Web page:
For his part, Lions head coach Jim Caldwell hopes this isn’t the week for a Gurley breakout. The Lions have allowed 114.8 rushing yards per game, which ranks 21st in the league, but even worse is their 4.9 yards per run against, which ranks 31st.
“Don’t be fooled by it,” Caldwell said of Gurley’s decreased production. “That guy is dangerous. He’s really still powerful, has got speed, got versatility. They’re doing a few more things with him. They’ve detached him from the formation some. They’re throwing him a pass out in the flat. He’s just as dangerous as he’s been before. He’s a tough guy to handle.”
Reminded of last year’s game, Caldwell said, “You’re absolutely right; that’s one of the things that early on we kept him contained, the second half he kept getting stronger. Found a bunch of seams and put the ball in the end zone for them. Stopping the run is vital, it’s vital in each and every game we play and even more so in this game. This is one of the best backs in the league, so you’re going to have to do a good job up front.”
Gurley scored 2 touchdowns in the 2015 game, and had just 13 yards at halftime on 7 attempts before having all three of his big runs after the break and totaling 127 yards on 9 carries in the second half.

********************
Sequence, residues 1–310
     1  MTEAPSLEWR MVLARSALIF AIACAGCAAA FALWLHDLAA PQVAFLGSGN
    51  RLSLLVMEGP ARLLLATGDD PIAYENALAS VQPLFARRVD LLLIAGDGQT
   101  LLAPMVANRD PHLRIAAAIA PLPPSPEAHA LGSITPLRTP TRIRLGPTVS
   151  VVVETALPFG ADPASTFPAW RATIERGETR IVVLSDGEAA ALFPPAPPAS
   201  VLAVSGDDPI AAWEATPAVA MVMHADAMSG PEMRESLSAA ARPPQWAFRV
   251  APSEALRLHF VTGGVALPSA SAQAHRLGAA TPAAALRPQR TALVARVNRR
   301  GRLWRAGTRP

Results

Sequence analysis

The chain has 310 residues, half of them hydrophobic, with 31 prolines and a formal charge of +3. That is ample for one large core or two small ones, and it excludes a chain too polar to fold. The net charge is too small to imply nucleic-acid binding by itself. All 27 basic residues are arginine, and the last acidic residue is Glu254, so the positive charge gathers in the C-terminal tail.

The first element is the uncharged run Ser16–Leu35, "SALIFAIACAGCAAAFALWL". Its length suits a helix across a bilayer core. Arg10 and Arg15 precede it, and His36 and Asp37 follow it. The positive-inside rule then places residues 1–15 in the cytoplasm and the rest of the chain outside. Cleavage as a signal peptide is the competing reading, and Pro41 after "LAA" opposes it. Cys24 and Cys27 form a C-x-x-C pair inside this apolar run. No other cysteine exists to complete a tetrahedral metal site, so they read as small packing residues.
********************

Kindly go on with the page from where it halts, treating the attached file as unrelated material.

Obviously, the Rams will keep feeding Gurley, believing the famine will end soon and the big plays will occur.
Boras said, “It takes 11 guys to run the football. That’s the quarterback taking the right path with the running back and the O-line and the tight ends and the wide receivers. I’ve said it before, it’s one guy here, one guy there. It’s making sure we’re all getting on the same page and trying to take advantage of what the defense is giving us. We’re going to continue to run the football, that’s what we believe in and sometimes the number games aren’t in our favor, but we’re going to continue running.”
Fisher concluded, “We’ve got to get it going, and our feeling is if we can keep Todd involved in the game in the fourth quarter, then we’ve got a chance.”